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Otto Enoteca Pizzeria No ratings yet.

Being that both my girls are under the age of 6, our mother/daughter dates are pretty much limited to doing kids activities which include play dates, kid-friendly museums, libraries and parks. I have to selfishly admit that I am not very fond of parks. They are a great addition to any city, don’t get me wrong, but the parental fauna that you can find in some of NYC finest and the interaction with such is funnily terrifying, as this recent New Yorker article points out.

Luckily (for us), the girls like to eat and some of our food outings include pizza (lots of it and on repeated occasions) or some other kid approved food while mom has a (well deserved most of the time) glass of wine. A recent Saturday morning La Petite Wasabi and I were walking around the West Village and after letting some of her energy out in the kids’ section of Washington Square Park, we both decided that it would be a good thing to grab lunch. After a brief deliberation, it was decided that (surprise!) pizza would be it and we agreed to check Otto out, as it was close by.

The space is ample and seamlessly divided in three different areas: the front of the house, to which you get in after walking through the heavy Art Deco style revolving door, fashioned after what could be an Italian train station bar, with its counters and tables, where you would mostly grab a drink and a bit standing; a second area with darker wood and some tables, which seems to be a doorway to the main dining room which, with its reddish colored walls, big wood tables and bottles on the window sills, is ample and inviting. It can be loud, but then, that is a good thing when you come with a bunch of kids. I could totally see myself going here on a date with Dad Vivant and sip some wine in the front of the house pretending to be in some obscure bar in the middle of Italy. Even without a reservation, and the big dining room being packed with families enjoying a pizza brunch, we were quickly sat in a table next to a really friendly French family and offered a high chair, which came handy, as the big furniture was a bit high for La Petite Wasabi. And best of all, when we sat we were offered not only bread (no olive oil to dip, which some people seem to take offense, but which is the norm in Italy) but also grissini torinesi, which made me think about a great trip long time ago in Northern Italy.

The menu is pretty extensive and straightforward and made us want to order most of everything: appetizers in the shape of vegetables, cheeses, fish or cured meats; salads; pastas in a variety of shapes and flavors and different types of pizzas. They don’t have a kids menu but, believe me, with this many options, I don’t think any kid would have a problem. The wine list is extensive and although they have really expensive wines, they also have some affordable options. We decided on a Quattro Stagioni pizza to share and a glass of Nero d’Avola for mom. The wine is decanted from the bottle and served in a quartino, which is as having almost two glasses, facts that I enjoyed immensely.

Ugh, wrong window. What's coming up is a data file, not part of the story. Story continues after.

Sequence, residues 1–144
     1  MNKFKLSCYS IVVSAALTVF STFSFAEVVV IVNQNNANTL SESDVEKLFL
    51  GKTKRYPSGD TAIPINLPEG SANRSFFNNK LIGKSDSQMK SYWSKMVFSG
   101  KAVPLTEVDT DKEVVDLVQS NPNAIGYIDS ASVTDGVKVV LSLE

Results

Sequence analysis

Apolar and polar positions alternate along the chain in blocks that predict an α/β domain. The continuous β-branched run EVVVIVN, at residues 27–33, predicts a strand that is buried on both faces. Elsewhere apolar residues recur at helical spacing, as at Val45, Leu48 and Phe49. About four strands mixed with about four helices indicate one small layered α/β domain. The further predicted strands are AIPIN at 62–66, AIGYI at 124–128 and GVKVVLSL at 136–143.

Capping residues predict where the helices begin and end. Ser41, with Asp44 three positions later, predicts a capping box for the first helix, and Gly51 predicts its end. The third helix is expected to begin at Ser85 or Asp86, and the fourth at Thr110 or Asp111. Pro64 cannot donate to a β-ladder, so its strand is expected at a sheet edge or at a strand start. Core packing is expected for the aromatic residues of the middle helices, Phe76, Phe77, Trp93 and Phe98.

It is obvious that this place is very kid friendly. After setting our high chair, La Petite Wasabi was given a glass of water with a straw and a cover and instead of crayons, a little packet with Wikki Stix and a page where you could draw with the colorful sticks. Artsy without the mess. Genius!

I have to admit that I love pizza almost as much as my girls do. The crust was really thin and crisp, and the four seasons were delicious olives, peppers, asparagus and ham. La Petite Wasabi has the habit of deconstructing her pizza, eating the toppings and leaving the whole crust untouched on her dish. This time she proceeded to enjoy her pizza as usual, but after she was done wolfing the toppings and carefully placing (in an almost OCD manner) pieces of crust on her dish, she began munching on them until her dish was clean. Wow!

We decided to finish this feast with some dessert and agreed on the black and white, a decadent (and heavy) gelato based dessert that was delicious. Heard that the olive oil gelato is a must, so I guess we will have to order it next time.

Otto black & white

The bathroom is behind the hostess, by the entrance on the right hand side. Although it is really cute, with its red accents and white tiles color scheme, it is very tiny, with two stalls and no changing table.

Overall a most fun mother/daughter date that I hope to repeat soon but with Dad Vivant instead.

Otto Enoteca Pizzeria
1 Fifth Avenue
New York, NY 10003
Tel: 212-995-9559

Monday – Sunday: 11.30am – 12.00am


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